STILLWATER — A Stillwater electronics company has been recognized by Boeing as a top avionics supplier for the fourth time.
“We're the first company to have that honor,” said Brenda Rolls, president of Frontier Electronics Systems Corp., which was among 14 companies and two universities chosen from Boeing's 28,000 suppliers for the 2011 award.
Frontier Electronics was honored for its design and production of an interface that helps manage power for a system that controls solar panels on the International Space Station.
The device, which had to fit in the same small space as the system it replaced, is the third project Frontier Electronics has produced for the space station, Rolls said.
The Stillwater firm earlier manufactured a control panel that spacewalking astronauts used to communicate with crew members inside the space station, and made test equipment that supports computer systems in the station, Rolls said.
“It's pretty sophisticated stuff,” she said.
While the company's latest space station production involved just five devices, Frontier Electronics recently manufactured its 1,000th engine fuel display unit for the U.S. Navy's F-18 Super Hornet fighter jets.
That ability to produce technically sophisticated devices in Stillwater fulfills the wishes of company founders (and Rolls' parents) Ed and Peggy Shreve. Ed Shreve was disappointed with the number of engineering graduates who were trained in Stillwater and took jobs elsewhere.
Many of the company's 120 employees come from Oklahoma universities, including some engineers who left the state and have returned for the quality of life, Rolls said. Among Frontier Electronic's employees are several who have worked there more than a decade, and a couple who have been in Stillwater more than 30 years.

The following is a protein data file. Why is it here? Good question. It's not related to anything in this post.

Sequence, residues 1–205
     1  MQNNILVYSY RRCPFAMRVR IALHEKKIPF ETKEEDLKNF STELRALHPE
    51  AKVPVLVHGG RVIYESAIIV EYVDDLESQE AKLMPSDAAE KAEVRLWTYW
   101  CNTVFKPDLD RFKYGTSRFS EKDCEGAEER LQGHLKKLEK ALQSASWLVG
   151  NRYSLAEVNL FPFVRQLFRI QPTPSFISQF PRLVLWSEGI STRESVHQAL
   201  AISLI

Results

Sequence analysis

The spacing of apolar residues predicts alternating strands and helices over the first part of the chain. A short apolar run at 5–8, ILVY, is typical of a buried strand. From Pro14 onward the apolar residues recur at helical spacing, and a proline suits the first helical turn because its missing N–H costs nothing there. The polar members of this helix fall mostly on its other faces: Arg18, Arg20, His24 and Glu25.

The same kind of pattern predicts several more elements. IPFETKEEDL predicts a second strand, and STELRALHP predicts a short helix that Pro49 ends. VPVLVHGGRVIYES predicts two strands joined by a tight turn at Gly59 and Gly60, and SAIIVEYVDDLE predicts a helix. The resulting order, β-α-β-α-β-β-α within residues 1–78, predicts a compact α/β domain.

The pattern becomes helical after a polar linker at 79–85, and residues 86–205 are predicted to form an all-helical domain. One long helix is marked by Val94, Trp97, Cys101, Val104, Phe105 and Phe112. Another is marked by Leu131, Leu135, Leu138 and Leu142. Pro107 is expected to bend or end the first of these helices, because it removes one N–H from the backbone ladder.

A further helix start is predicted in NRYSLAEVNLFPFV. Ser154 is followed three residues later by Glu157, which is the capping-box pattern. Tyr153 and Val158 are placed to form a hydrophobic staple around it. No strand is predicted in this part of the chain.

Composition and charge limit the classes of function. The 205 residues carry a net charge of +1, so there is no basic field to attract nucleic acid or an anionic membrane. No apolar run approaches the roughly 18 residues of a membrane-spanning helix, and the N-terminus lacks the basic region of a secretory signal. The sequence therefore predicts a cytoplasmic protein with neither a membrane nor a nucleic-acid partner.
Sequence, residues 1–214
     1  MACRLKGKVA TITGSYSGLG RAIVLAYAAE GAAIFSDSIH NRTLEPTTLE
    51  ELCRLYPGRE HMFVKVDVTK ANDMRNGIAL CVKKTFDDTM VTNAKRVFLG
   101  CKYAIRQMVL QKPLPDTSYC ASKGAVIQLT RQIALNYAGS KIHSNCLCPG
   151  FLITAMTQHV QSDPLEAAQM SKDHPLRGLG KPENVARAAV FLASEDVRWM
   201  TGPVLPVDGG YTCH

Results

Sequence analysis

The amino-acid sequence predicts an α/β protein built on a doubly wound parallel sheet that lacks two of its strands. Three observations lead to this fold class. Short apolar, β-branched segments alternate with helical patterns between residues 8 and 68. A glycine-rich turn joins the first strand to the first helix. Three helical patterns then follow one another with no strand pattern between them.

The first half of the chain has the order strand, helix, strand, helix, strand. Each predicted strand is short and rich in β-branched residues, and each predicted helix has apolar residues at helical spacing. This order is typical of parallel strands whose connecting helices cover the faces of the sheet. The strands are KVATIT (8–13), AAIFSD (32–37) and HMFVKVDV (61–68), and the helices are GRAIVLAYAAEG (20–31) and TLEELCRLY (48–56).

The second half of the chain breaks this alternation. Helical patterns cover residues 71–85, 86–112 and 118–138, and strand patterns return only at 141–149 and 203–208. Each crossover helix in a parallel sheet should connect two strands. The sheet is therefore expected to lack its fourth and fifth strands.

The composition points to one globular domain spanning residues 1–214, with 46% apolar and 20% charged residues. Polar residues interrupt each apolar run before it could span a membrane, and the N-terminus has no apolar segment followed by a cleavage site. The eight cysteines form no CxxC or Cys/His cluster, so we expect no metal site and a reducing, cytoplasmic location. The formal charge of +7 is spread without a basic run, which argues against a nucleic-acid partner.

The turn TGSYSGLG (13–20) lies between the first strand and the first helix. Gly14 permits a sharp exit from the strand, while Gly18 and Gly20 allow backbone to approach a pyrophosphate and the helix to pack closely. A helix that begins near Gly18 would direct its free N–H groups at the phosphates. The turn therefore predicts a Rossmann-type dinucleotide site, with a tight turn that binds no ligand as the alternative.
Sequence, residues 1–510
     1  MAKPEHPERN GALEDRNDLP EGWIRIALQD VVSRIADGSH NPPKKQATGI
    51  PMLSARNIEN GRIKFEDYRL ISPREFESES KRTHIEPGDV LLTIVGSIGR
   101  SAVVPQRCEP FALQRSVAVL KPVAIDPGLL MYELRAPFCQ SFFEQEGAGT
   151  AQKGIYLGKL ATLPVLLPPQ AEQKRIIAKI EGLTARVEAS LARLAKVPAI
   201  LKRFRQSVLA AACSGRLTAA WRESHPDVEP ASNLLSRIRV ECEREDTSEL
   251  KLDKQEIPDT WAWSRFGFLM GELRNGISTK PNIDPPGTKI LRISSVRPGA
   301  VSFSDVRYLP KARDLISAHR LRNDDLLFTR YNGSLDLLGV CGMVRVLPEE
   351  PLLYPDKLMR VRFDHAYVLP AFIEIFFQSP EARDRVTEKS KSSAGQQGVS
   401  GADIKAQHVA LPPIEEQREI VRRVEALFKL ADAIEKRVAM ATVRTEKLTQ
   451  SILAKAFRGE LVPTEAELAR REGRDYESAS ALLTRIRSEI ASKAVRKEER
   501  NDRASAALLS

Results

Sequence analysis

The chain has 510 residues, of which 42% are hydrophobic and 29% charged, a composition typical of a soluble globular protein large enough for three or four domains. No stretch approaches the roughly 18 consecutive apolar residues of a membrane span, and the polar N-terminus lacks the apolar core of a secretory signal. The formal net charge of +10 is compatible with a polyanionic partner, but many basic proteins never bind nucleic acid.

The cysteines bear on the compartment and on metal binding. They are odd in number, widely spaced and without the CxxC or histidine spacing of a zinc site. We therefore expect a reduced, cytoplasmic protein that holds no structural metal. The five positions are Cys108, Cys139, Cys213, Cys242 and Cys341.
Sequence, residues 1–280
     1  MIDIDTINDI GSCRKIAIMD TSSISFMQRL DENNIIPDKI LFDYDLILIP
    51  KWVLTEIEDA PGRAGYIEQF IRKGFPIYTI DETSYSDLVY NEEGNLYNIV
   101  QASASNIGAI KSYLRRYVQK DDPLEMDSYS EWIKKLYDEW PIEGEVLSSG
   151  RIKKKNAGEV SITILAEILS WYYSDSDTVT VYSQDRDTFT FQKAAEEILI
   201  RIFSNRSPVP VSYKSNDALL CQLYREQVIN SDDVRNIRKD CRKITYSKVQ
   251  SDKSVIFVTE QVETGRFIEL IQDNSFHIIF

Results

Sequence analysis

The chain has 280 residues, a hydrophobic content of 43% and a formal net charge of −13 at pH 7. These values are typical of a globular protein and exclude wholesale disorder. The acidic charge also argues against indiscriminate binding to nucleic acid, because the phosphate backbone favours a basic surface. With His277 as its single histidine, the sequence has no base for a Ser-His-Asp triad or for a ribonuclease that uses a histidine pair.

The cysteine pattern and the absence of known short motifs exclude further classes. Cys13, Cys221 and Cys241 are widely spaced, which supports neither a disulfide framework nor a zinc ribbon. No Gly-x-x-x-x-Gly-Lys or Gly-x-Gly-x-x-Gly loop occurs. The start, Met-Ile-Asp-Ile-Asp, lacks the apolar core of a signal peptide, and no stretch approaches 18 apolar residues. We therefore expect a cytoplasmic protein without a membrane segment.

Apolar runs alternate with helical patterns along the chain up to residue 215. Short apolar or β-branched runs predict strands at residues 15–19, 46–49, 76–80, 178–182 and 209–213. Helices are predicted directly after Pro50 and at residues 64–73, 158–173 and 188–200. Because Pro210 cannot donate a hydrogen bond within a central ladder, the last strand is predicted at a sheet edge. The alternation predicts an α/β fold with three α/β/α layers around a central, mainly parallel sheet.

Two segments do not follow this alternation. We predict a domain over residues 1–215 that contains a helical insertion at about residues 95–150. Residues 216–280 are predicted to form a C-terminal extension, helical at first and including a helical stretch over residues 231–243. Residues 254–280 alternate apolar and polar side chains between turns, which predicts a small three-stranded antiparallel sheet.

Recently, Frontier Electronics — working with the University of Tulsa — won cash awards from the Oklahoma Center for the Advancement of Science and Technology (OCAST) to develop lithium ion nano-batteries.
The microscopic power sources could produce “significant improvements” over the current designs, Rolls said. One client has expressed interest in using the tiny batteries in missiles, she said.
Battery technology has not advanced as quickly as other forms of technology, Rolls said. The current work could hold “dramatic potential” for advancements in battery safety and performance, she said.
Once the product is ready for production, Frontier Electronics could launch a second business based in Stillwater that might eventually require a second manufacturing facility.
Connecting to quality
Meanwhile, OCAST officials introduced Frontier Electronics to another client, Oklahoma City-based VADovations Inc., which is developing a miniature blood pump that could benefit from such a small power source.
“They each had something the other needed to develop a viable product,” said Dan Luton, OCAST director of programs.
Frontier Electronics is based in an 86,000-square-foot former hotel in Stillwater.
“If you happen to be an engineer and you're on the west side of the building, you have your own private restroom,” Rolls said.
The company maintains a fairly low profile because the projects it works, while not top secret, often are sensitive, Rolls said.
“It's a great company,” she said. “We have a very good culture — a lot of dedicated, really smart people. You don't win four supplier awards if you only perform well for a short time.”
We have a very good culture — a lot of dedicated, really smart people. You don't win four supplier awards if you only perform well for a short time.”